Sometimes I wish I'd never read a page of the late Roy Andries de Groot's homage to Auberge of the Flowering Hearth or any of M.F.K. Fisher's nostalgic tales of French country meals. Finding the perfect French auberge these days is harder than finding a world-class baguette in Paris. I'm not talking about the three-star Auberges de luxe where all you need is a Michelin to point the way. I mean the kind of place where locals go to find authentic regional cooking.
I found such a place in southwest France in the mysterious Armagnac region. From Provence, La Belle Gasconne in Poudenas looked like an easy drive (it wasn't, but never mind). Five minutes from the autoroute you're on a small winding road surrounded by fields of shocking gold sunflowers turning with the sun, rolling hills dotted with black-and-white cows, sober stone farmhouses. We passed a barn where an entire field of garlic hung to dry from the rafters.
It was nearly fall and twilight edged into full-stop dark as we drove into the tiny village of Poudenas with its guardian chateau. A stone bridge spans the demure river. To one side is the auberge, a low stone house with flowering vines climbing its walls. Inside, the two small dining rooms with beamed ceiling and white-washed walls are simply decorated with country furniture, flower-sprigged tablecloths and bouquets of wildflowers.
The young sommelier, a double for Buddy Holly, brought an aperitif of wild cherry liqueur and local white wine while we had a look at the menu. This is duck and foie gras country, so as a first course we ordered the terrine of foie gras . Presented with a basket of thick grilled bread, it's served by dipping two silver spoons in hot water and scooping two egg-shaped ovals directly from the terrine.
Marbled rose and gold, this is fabulous stuff, so good that chef Marie-Claude Gracia won a Gault Millau concours , over the likes of Alain Senderens and Alain Chapel, for best terrine of foie gras . Not bad for a mother of five from a remote corner of France. Her secret? She chooses her duck livers very care
fully (they come from a foie gras farm just a few miles away), and she cooks the enormous blond lobes very slowly. Even in southwest France where it is produced, foie gras is a luxury and portions are often less than generous. Not so here. I truly could not resist when the waiter came around to ask if we would like seconds. Who wouldn't?
Next came one of her specialties, a sumptuous civet de canard (duck stewed in red wine and stock), surrounded by a black pool of sauce thickened with blood. Accompanying it, caramelized onions and a homey serve-yourself dish of zucchini cooked with cream. Her poularde de champs , a poached free-range chicken, is served in a graceful sauce of cream and tarragon set with fat, tender asparagus. If my grandmother had been French and a brilliant cook, this is what she would have made for Sunday supper. In fall there's more game, and in summer, all sorts of fish.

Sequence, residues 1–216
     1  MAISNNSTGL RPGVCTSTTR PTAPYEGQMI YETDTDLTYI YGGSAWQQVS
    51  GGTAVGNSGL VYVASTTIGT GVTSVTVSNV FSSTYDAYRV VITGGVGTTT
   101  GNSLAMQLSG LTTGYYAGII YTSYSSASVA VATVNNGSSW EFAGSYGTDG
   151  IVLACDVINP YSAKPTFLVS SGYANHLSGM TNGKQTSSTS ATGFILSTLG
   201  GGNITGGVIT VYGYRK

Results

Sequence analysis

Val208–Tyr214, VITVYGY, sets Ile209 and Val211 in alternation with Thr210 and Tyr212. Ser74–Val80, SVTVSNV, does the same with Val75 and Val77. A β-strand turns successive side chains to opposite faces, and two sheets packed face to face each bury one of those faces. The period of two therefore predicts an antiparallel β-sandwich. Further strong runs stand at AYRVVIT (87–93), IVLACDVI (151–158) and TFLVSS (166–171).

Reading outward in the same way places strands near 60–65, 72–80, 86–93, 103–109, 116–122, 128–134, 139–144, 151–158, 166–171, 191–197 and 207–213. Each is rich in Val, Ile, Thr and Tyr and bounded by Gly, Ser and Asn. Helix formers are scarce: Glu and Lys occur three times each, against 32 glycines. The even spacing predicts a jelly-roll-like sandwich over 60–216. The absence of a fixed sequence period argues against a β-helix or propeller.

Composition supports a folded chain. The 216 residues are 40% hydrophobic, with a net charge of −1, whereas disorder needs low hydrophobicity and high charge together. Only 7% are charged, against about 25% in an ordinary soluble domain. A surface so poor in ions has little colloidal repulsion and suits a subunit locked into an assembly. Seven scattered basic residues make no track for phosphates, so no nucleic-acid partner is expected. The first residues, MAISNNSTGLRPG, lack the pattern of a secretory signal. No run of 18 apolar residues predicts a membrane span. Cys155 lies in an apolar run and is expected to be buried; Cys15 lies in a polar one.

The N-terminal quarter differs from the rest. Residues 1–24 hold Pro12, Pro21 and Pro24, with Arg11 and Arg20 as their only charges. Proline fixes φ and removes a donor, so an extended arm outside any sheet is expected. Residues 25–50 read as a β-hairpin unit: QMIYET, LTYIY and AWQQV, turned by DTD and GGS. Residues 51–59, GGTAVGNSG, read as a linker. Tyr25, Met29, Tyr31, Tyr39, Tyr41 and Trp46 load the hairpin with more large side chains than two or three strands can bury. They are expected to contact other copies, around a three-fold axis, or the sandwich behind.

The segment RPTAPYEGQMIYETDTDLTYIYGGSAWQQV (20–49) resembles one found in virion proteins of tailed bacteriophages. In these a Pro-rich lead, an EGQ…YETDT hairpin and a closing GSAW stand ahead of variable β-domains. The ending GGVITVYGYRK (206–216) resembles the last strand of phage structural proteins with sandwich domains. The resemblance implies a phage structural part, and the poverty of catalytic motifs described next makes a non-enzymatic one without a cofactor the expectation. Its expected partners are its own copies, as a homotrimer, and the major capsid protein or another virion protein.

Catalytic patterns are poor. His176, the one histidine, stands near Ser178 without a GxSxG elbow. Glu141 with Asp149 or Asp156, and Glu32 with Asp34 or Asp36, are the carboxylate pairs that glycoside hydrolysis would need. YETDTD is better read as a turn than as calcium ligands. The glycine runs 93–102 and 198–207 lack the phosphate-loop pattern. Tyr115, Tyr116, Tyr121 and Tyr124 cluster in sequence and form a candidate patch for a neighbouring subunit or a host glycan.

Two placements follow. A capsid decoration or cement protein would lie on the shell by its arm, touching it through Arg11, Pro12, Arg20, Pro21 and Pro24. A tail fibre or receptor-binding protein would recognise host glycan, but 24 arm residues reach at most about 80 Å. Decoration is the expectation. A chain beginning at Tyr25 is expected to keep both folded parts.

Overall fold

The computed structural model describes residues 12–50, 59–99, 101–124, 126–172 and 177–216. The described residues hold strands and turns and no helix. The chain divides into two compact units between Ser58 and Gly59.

We passed up the Bordeaux on the small wine list in favor of a local wine, an inky Cotes de Buzet--Cuvee Napoleon-from the left bank of the Garonne. But all during this leisurely, utterly reassuring meal, I had my eye on the glittering armagnac cart as Monsieur Gracia moved from table to table pouring out a Bas Armagnac here, a Tenareze there.
Madame Gracia likes her desserts simple and homey. That means comforting isles flottantes or a delicate custard flavored with vanilla and a single verveine leaf. There is a gateau au chocolat in the mud-pie genre, and a chunky sorbet of Charentes melon. Just when you're wishing you had one more bite of that sorbet, she sends the cart around to offer you a second chance.
Coffee on the terrace? The waiter reappeared with a lantern and led us across the narrow road to a table set up on the grassy riverbank. Then he returned with a cafe filtre pot. There we sat listening to the sound of the river, sniffing the scent of forest and prunes while we drank a rare old 1964 Laberdolive armagnac. Old men gossiped on the bench by the bridge while a puppy investigated the abandoned mill the Gracias plan to restore next year. We could see the lighted windows of the kitchen, too, and young cooks in their whites hurrying in from the pantry.